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Shifting power

A Prophet
18, Nationwide

20 January 2010

12:00 AM

20 January 2010

12:00 AM

A Prophet
18, Nationwide

A Prophet is an astounding, wholly gripping French film which is both a prison drama and a gangster thriller, and my guess is that, when it comes to the best foreign film category at this year’s Oscars, it’ll be between this and Michael Haneke’s White Ribbon. Obviously, I cannot say which will win, just as I can’t yet say what I won’t be wearing to the Oscars. Every year, it’s the same: they don’t invite me and I then have to worry about what not to wear. Should I not wear the oyster-pink chiffon? And, if not, what shoes am I not going to put with it? I do wish they’d stop not inviting me. It’s more trouble than it’s worth.

Anyhow, A Prophet is directed by Jacques Audiard who also directed The Beat that my Heart Skipped (the one about the fella torn between a life of crime and being a concert pianist, as can happen) and Read my Lips (the one about the ex-con and the deaf lady) and is shaping up nicely as one of the most gifted and exceptional directors around. He is particularly skilled at getting inside the heads of his characters, who are always interesting, multilayered characters, which is good, as you wouldn’t want to get inside the head of a Sandra Bullock character. (Sandra Bullock: how does she choose her films these days? With a blindfold and pin?)


Our character here is Malik (Tahar Rahim), a 19-year-old illiterate French Arab who has been brought up in juvenile homes and arrives in prison to serve a six-year sentence for beating up a cop. He intends to keep his head down and do his time but, instead, a wily and malevolent Corsican gang boss (Niels Arestrup), who runs his businesses from his prison cell, presents him with an offer that he cannot refuse: murder a fellow prisoner or be murdered yourself. Take your pick. The first 20 minutes or so contains a scene of such shocking and terrifying violence that I had to pull my polo neck over my head. I do not know, by the way, if this is what I will be wearing to the Oscars, as what if Angelina Jolie also wears a polo neck pulled over her head? How embarrassing is that going to be? And don’t tell me Hello! isn’t going to notice, because it surely will. We’ll be a laughing stock.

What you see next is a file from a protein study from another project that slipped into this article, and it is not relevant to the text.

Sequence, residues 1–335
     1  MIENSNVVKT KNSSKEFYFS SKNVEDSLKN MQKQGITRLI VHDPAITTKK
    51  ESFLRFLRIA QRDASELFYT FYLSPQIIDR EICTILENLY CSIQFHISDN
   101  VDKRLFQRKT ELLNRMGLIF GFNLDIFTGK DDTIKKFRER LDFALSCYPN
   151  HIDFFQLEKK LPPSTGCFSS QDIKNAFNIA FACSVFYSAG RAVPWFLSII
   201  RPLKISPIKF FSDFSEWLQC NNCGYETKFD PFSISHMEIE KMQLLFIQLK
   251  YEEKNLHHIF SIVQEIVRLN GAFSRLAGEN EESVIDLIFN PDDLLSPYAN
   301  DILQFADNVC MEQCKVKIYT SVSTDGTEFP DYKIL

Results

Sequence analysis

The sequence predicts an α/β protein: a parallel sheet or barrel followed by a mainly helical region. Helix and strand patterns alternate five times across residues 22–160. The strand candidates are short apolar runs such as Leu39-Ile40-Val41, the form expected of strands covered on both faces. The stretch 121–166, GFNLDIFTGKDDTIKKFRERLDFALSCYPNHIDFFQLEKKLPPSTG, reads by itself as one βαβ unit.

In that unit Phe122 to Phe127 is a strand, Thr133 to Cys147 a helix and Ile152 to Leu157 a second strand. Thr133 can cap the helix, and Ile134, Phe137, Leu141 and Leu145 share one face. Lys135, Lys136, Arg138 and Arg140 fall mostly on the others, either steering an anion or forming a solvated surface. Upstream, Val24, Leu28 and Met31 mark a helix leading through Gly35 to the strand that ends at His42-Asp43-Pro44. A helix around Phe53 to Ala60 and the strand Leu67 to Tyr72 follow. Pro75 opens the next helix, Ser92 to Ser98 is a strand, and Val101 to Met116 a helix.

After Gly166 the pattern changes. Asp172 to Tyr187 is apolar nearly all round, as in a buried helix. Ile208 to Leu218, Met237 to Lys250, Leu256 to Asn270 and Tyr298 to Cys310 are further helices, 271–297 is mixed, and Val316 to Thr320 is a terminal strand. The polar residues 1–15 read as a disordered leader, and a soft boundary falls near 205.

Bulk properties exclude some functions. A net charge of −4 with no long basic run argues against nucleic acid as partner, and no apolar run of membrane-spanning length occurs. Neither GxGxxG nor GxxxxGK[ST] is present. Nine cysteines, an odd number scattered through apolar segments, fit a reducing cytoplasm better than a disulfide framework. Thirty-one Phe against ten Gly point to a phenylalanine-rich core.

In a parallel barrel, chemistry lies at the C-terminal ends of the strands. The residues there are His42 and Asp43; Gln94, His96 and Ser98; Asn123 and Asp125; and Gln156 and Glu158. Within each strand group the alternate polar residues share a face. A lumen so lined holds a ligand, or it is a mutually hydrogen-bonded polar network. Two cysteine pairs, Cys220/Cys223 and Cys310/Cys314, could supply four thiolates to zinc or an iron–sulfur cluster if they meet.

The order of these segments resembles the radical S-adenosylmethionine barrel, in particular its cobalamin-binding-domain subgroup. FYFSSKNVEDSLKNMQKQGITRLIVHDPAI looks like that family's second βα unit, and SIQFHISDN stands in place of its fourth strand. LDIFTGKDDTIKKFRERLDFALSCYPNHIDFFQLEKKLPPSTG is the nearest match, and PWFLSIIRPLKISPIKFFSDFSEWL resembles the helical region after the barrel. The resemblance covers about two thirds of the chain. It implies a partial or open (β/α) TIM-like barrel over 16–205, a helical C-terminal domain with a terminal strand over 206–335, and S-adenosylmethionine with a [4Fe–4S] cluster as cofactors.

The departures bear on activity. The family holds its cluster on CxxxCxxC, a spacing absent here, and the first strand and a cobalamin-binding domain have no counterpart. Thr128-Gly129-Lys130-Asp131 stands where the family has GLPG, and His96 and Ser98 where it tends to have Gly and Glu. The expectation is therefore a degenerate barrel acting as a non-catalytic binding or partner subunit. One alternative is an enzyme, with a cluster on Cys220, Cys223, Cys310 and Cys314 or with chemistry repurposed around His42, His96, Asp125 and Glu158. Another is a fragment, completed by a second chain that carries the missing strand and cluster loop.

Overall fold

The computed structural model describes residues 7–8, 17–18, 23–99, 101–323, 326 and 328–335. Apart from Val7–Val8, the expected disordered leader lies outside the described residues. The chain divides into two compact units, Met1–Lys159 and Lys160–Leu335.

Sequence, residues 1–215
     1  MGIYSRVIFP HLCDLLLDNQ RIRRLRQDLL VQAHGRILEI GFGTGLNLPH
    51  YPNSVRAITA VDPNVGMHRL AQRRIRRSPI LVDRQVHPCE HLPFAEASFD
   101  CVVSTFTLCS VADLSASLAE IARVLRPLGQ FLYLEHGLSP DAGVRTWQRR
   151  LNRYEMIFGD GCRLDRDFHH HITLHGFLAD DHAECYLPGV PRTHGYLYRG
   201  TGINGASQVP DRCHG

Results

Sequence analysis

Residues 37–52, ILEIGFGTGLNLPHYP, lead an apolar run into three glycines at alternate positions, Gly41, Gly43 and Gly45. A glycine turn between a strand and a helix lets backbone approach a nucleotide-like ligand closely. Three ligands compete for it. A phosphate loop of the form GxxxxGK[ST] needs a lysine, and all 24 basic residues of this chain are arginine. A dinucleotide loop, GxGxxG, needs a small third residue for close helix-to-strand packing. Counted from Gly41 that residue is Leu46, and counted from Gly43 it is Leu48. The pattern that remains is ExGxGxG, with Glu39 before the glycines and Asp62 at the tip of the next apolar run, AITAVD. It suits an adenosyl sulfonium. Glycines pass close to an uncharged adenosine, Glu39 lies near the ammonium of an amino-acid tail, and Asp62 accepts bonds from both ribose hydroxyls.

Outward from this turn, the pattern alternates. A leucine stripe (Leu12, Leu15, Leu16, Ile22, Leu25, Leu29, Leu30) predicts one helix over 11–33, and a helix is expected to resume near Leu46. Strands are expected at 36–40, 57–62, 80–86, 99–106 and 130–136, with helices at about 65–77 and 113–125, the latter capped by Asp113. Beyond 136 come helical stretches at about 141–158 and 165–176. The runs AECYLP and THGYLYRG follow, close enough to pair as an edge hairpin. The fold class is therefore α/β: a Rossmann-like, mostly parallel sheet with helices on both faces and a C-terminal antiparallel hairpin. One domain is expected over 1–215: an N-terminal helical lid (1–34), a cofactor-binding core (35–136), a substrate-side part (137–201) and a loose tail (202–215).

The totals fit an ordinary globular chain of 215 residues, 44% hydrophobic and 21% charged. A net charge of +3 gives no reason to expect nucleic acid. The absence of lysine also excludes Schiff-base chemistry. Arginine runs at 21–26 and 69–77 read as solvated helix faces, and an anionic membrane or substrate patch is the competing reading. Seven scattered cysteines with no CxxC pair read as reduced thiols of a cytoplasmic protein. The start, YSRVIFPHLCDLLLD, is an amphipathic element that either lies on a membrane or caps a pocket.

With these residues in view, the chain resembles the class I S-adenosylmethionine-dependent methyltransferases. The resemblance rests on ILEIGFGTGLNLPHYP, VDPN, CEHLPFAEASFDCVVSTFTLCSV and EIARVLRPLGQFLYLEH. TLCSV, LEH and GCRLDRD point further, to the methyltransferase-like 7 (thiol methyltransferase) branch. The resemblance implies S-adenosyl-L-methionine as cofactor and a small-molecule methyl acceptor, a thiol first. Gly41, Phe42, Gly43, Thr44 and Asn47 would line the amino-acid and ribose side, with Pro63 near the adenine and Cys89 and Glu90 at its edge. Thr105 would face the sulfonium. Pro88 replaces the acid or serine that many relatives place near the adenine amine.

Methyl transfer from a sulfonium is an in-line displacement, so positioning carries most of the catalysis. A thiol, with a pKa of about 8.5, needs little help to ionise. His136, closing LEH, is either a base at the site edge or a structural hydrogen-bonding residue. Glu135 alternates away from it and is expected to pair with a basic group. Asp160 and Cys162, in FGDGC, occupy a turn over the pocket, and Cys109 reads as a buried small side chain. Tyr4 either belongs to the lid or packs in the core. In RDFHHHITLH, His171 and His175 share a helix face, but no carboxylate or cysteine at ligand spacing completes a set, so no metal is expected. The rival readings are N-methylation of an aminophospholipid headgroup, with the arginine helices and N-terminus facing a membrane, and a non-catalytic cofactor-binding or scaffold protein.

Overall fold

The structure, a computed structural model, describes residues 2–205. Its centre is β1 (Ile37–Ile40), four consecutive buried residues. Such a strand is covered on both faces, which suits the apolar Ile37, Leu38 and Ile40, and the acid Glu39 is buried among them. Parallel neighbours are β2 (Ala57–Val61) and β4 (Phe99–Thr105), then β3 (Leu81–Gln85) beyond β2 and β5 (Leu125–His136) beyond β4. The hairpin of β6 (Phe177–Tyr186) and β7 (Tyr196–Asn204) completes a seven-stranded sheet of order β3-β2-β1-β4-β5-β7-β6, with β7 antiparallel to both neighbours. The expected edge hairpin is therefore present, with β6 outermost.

Now, where were we? Oh, yes. The Corsicans adopt Malik as a slave and errand boy, abusing him all the while — ‘you dirty Arab!’ — yet offering protection in return. Meanwhile, Malik is watching, listening, learning. He is taught to read and write in the prison school. He teaches himself to speak Corsican. Prison gives him more opportunities than he’s ever previously had. He’s an individualist and, it turns out, a formidable player. The Corsicans treat him as an Arab. The Arabs treat him as a Corsican. He begins to plot in the gap between the two, playing one faction against the other. And the power shifts. Malik is no better and no worse than anyone he encounters, but because we are so in his head, we are always with him. We are as driven by his need to survive as he is.

Usually, I don’t much like films in which males throw violence at any problem that comes their way, Tarantino-style, particularly when they could just bitch behind each other’s backs, like women do. (That’s not nice either, but at least no one gets their cheek sliced off.) But this is such an intensely mature piece of work featuring such intensely mature performances — Rahan’s artless charisma, in particular, provides real weight — that I was too involved to let it bother me. You want a comparison? OK, it feels a bit like Taxi Driver, which is just as uncomfortable, but also does a damned fine job of drawing you into a particular man’s lonely, alienated world. And Audiard’s direction not only keeps everything going at speed — it is so fast it’s almost episodic — but also uses a variety of visual distortions to mirror what Malik is going through. Jerky, handheld camera work, for example, mirrors the unpredictability of the prison violence, while whole frames are closed down to give us a sense of his incarceration. Does the film ultimately glorify violence? I suspect so. But was I ever bored? I was not. And that’s what matters most, I think.

And now, if you don’t mind, it’s only five weeks until the Oscars so I really need to work out what I’m not going to wear. At the moment, I’m thinking of not wearing the vintage Chanel I don’t have, but I might change my mind, so do watch this space. I know you’ll want to be updated.


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